No matter what age, a patient’s bill of rights dictates that they deserve to be treated with dignity and have their wishes respected. However, end-of-life care presents specific problems for both children and adults. Age often determines the quality of end-of-life care. For patients to receive the best care possible, family, friends, and healthcare providers should act in the best interests of the patient.
End-of-life care presents many difficult decisions. An advance directive can help to prevent confusion in fulfilling an individual’s final wishes. With proper documentation, adults are most often able to direct their care and spend their final days according to their own wishes, even if they become mentally incapacitated. However, the children and the elderly often face unique challenges which may hinder their personal choices about end-of-life care.
Children who are terminally ill are subject to the wishes of their parents or legal guardians. If the parents or guardians have a different mindset, then the children’s final wishes may be ignored. Because they are minors, children may not be regarded as completely capable of making such important decisions. Parents can interfere with their children’s care by trying to implement painful and futile life-sustaining treatments. Lack of financial resources may limit the ability for children to receive palliative care at the end of their lives. Insurance is more likely to cover the medical bills of adults. When children are terminally ill, the illness is often unexpected and less likely to be compensated by insurance. Parents may also be in denial of the severity of their child’s illness and postpone options for end-of-life care.
However, because parents or legal guardians are such an intricate part in their children’s medical direction, their feelings must be taken into consideration. A study in 2006 by Meyer, E., Ritholz, M., Burns, J., & Truog, R., stated that the six most important factors for end-of-life care in children were honest and complete information, accessible staff, good communication and care coordination, emotional expression and support by staff, preservation of the parent-child relationship, and faith. While these factors are important in terminally ill patients of all ages, the preservation of the parent-child relationship is unique to children (Davies, Sehring, Partridge, Cooper, Hughes, Philip, Amidi-Nouri, & Kramer, 2008.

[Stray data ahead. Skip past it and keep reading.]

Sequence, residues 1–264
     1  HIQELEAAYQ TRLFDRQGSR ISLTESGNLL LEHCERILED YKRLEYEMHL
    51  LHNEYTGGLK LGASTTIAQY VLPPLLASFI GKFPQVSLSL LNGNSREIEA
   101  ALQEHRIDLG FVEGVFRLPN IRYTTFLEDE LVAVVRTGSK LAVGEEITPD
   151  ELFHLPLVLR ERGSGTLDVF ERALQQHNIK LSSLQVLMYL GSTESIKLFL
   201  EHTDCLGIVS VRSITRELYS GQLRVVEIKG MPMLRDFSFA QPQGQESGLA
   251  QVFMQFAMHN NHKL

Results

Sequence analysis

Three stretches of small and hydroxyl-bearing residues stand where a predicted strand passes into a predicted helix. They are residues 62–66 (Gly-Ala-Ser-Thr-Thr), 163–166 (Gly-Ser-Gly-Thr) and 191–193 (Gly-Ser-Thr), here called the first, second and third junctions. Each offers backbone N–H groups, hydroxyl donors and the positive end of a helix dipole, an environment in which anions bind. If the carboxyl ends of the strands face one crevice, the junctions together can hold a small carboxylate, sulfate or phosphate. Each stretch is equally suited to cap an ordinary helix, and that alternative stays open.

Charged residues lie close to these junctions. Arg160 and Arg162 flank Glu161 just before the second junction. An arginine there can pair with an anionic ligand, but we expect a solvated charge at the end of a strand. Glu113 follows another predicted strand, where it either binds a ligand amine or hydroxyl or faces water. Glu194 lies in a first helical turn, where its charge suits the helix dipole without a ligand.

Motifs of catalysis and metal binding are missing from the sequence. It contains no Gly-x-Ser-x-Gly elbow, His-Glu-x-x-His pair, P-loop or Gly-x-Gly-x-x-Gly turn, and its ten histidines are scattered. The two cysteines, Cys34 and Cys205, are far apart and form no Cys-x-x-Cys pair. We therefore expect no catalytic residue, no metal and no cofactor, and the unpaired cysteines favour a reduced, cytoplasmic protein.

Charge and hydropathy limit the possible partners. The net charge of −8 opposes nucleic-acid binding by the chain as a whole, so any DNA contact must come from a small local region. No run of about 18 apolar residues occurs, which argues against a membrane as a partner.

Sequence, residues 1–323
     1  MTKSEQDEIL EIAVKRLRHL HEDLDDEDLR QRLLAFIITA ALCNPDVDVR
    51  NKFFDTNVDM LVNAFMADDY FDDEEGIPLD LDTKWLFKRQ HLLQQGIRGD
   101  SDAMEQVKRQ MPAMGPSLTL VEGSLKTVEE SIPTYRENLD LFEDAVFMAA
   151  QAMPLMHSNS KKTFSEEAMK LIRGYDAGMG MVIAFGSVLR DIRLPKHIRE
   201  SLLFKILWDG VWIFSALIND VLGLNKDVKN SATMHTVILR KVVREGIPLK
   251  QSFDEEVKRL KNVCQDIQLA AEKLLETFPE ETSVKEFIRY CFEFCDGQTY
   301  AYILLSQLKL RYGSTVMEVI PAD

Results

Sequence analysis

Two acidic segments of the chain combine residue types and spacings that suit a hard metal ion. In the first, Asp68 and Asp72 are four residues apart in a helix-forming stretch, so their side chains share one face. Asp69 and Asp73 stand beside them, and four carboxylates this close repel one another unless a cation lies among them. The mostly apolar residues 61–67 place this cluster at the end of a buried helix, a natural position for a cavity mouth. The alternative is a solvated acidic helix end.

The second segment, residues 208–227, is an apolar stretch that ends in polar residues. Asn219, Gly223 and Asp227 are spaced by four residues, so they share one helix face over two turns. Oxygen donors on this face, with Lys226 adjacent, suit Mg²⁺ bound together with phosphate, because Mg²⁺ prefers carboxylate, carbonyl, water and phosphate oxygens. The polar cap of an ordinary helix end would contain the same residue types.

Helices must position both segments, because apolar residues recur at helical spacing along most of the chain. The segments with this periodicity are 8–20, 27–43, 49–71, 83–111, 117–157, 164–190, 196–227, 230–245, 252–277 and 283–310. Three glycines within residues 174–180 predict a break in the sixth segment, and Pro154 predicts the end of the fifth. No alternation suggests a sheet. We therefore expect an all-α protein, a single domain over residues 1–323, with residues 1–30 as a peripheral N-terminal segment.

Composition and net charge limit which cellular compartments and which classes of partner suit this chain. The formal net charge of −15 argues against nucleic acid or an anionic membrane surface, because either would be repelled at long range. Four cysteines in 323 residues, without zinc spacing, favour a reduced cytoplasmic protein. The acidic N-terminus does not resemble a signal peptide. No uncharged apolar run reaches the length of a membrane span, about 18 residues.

Older adults have barriers to their end-of-life care as well. Even though their wishes for end-of-life care may be more likely to be respected than that of children, if there is a question of their competency, their decisions about their healthcare may be ignored. If older adults have dementia, then they may be regarded as unable to make decisions as well. Older adults are more likely to spend their final days in a hospice; Medicare may not cover all the costs for palliative care, leaving older adults dependent on either relatives or the government. Even though older adults may want to remain in their home environment, the nature of their illness or the demands of their families may cause them to end their lives in intensive care units or sedated in a nursing home (Curtis, Nielson, Treece, Downey, Dotolo, Shannon, Back, & Rubenfeld, 2011). This is especially likely if they have dementia and their families are unable to provide adequate care. If there are advance directives in place, then they are more likely to have their wishes granted. Another problem faced by older individuals is that they may be less likely to receive life-saving procedures due to perceived futility or lack of financial resources: these procedures may be more likely to be administered to children or younger adults.
By putting the needs of the patient first, healthcare providers can ensure that the patient’s wishes for end-of-life care are respected. Each age group has their challenges which must be overcome; though children may not be able to sign advance directives and are subject to the demands of their parents or legal guardians. When individuals are regarded as unable to make their own decisions, they are often forced to undergo or be denied treatments and procedures despite their final wishes. If communication is kept open and patients, regardless of their age, participate as much as possible, their end-of-life care can be as close to their wishes as possible.
Curtis, J., Nielson, E., Treece, P., Downey, L., Dotolo, D., Shannon, S., Back, A., & Rubenfeld, G. (2011). Effect of a quality-improvement intervention on end-of-life care in the intensive care unit. American Journal of Respiratory and Critical Care Medicine, 183(3), 348-355. Retrieved from http://www.atsjournals.org/doi/full/10.1164/rccm.201006-1004OC
Davies, B., Sehring, S., Partridge, J., Cooper, B., Hughes, A., Philip, J., Amidi-Nouri, A., & Kramer, R. (2008). Barriers to palliative care for children: Perceptions of pediatric health care providers. PEDIATRICS, 121(2), 282-288. Retrieved from http://www.pediatricsdigest.mobi/content/121/2/282.full
Meyer, E., Ritholz, M., Burns, J., & Truog, R. (2006). Improving the quality of end-of-life care in the pediatric intensive care unit: Parents’ priorities and recommendations. PEDIATRICS, 117(3), 649-657. Retrieved from http://www.pediatricsdigest.mobi/content/117/3/649.full